LOS ANGELES (Reuters) - As Amazon.com looks to upend the U.S. grocery market with home delivery, some veteran supermarket operators are betting on a different strategy: curbside pickup. Americans have long loved the convenience of drive-through service for burgers and coffee. Kroger Co KR.N and Walmart Inc WMT.N are tweaking that formula for groceries.
The companies have invested heavily in online systems that allow customers to order ahead from their neighborhood store. Workers pick and pack the products, then run them out to shoppers in the parking lot, the grocery version of carry out pizza. For the retailers, the service is cheaper than delivery, because customers do the driving. For shoppers, it means skipping crowds and queues at their local market, and no worries about missing packages or melted ice cream if they are not at home to meet the delivery guy.
Tony Sacco, who lives in the Los Angeles beach community of Playa Del Rey, is a regular user of the service at a nearby Ralphs supermarket, owned by Cincinnati-based Kroger. Each pickup costs $6.95, but the time-crunched married father of three says it is worth it.
“This is easy. Time is money,” said Sacco, 47, as a worker loaded bags into his SUV on a recent morning.
Retaining customers like Sacco is critical for traditional grocery retailers as they battle an array of upstarts bent on turning groceries into the next home-delivery juggernaut.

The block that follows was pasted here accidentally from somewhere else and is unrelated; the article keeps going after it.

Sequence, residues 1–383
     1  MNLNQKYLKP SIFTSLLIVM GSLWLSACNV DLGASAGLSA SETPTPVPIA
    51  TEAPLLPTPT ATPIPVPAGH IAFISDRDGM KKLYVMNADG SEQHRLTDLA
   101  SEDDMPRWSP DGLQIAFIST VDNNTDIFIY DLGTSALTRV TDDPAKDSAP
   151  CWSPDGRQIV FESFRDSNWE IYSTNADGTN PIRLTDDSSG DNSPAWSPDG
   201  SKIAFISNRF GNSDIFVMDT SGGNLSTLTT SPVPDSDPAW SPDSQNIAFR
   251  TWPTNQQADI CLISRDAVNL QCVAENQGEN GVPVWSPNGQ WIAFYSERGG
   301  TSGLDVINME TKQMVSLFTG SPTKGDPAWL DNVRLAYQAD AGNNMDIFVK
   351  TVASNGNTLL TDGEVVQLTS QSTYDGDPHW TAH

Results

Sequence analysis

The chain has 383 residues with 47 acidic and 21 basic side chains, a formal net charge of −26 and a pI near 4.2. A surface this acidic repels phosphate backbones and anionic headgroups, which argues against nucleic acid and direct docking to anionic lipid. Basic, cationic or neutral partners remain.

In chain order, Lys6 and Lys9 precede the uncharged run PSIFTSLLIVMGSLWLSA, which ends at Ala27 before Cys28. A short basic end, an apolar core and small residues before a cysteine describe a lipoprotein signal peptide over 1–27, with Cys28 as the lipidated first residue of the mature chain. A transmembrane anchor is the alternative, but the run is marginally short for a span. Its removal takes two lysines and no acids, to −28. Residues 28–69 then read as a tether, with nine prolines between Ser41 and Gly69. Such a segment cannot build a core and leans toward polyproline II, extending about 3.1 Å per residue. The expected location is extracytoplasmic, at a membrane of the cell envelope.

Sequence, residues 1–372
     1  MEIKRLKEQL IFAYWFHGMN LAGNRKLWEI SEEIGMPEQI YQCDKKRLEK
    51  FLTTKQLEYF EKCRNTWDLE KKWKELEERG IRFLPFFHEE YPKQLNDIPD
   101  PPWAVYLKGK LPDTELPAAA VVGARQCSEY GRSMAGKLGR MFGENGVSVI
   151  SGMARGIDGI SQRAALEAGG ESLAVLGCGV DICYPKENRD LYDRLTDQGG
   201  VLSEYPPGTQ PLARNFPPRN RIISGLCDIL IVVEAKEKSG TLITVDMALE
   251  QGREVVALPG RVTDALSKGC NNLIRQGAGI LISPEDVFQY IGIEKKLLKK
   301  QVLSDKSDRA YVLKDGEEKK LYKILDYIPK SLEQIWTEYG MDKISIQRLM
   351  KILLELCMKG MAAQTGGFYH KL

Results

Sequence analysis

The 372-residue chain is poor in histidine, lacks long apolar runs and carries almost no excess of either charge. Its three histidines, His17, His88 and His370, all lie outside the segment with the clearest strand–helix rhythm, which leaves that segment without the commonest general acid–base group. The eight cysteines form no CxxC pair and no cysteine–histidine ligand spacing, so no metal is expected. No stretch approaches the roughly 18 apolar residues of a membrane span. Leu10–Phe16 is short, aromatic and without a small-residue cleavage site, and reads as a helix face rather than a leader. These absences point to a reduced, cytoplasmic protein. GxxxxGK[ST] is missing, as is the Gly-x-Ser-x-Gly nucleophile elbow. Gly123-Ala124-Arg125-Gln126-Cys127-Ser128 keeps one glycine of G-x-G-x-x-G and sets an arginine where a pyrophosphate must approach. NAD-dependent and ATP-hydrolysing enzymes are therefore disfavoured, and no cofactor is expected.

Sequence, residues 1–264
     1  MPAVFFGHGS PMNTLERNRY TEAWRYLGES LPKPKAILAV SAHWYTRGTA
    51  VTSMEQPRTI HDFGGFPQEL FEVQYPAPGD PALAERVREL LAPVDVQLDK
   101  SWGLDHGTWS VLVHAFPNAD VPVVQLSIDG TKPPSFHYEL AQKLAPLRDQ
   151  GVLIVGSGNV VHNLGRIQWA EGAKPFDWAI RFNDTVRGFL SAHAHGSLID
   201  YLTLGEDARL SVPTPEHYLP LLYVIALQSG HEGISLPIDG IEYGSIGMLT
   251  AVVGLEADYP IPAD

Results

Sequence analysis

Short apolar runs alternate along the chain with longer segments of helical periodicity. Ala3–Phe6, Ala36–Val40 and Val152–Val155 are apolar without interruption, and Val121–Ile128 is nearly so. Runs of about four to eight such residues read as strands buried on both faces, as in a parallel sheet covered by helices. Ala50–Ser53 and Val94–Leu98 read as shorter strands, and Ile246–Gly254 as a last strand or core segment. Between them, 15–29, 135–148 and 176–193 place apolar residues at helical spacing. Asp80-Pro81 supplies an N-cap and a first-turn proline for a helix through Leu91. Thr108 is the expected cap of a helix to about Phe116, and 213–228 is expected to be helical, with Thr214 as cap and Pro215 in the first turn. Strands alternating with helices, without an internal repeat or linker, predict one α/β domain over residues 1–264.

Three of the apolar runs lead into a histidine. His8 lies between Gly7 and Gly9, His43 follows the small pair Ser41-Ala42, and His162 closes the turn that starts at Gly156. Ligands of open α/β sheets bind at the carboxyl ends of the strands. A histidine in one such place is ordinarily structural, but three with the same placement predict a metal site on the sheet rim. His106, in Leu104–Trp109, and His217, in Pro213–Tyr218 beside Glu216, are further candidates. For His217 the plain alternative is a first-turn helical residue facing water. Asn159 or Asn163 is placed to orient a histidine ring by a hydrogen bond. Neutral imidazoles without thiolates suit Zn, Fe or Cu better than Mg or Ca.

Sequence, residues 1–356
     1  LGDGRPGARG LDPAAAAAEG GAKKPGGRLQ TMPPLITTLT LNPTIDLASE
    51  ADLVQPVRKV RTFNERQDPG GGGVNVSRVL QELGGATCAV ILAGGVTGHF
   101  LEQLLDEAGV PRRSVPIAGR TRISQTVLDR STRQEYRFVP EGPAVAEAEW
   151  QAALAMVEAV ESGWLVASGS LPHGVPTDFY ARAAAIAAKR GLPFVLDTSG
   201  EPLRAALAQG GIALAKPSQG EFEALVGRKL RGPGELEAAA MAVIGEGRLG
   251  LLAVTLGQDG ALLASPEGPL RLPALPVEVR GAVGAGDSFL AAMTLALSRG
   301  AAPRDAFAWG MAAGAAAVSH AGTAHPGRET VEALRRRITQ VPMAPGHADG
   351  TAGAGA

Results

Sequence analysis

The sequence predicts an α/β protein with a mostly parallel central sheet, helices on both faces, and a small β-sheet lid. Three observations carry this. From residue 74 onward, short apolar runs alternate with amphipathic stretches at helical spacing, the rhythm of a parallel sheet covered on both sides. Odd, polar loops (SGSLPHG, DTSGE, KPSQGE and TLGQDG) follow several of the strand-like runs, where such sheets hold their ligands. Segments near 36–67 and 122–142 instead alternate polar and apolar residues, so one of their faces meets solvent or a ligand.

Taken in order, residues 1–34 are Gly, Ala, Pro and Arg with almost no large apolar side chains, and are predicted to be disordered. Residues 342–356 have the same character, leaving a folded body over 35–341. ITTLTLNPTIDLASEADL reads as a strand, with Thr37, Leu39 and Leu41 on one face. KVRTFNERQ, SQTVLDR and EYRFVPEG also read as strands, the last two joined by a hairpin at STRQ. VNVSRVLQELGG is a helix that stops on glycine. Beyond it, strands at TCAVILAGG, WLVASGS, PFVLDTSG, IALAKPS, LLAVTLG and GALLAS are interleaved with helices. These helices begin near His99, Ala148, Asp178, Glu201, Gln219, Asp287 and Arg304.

New entrants such as meal-kit company Blue Apron and organic food seller Thrive Market are peeling off coveted slices of their business. Amazon AMZN.O, the nation's largest online retailer, has amassed an 18 percent share of the $12.6 billion U.S. online grocery market mainly through the sale of packaged goods such as pasta and diapers. It is the largest player in a sector that is expected to grow to $41.7 billion by 2022, according to market research firm Packaged Facts.
(For a graphic on U.S. online grocery sales, see tmsnrt.rs/2kwT9OU)
But even mighty Amazon has struggled with the trickiest part of the trade: delivering fresh produce, meat, dairy and other perishables. Its AmazonFresh service started more than a decade ago, but has yet to make a major mark.
Amazon is making another run at it with its $13.7 billion purchase of upscale grocery chain Whole Foods earlier this year. Amazon has said little about its plans. But analysts expect it will use Whole Foods’ 450 locations as distribution hubs for home delivery, opening a new front in its campaign to disrupt the $700-billion U.S. grocery industry.
Old-line players are responding with some new moves of their own. Kroger and Walmart are experimenting with delivery. But they are wagering that pickup is the true sweet spot in the industry’s online evolution. Both are rolling out the service in thousands of their stores.
“The way people are going to shop for groceries is going to be curbside, not delivery,” said Jason Goldberg, a senior vice president at digital marketing firm SapientRazorfish.
Amazon, too, is eyeing that channel. AmazonFresh has already tested pickup in Seattle and analysts expect Whole Foods to do the same.
Nevertheless, researcher Packaged Facts says traditional retailers can win with real estate: “Companies such as Walmart and Kroger have the advantage, because they already have stores all over the country in both urban and rural settings,” it said in a recent report.
CLICK AND COLLECT
Kroger bought its way into pickup with its 2014 purchase of southeast grocer Harris Teeter, which had an established program.
That same year, Kroger debuted its own offering, known as ClickList, adding features such as coupons and promotions based on detailed customer data.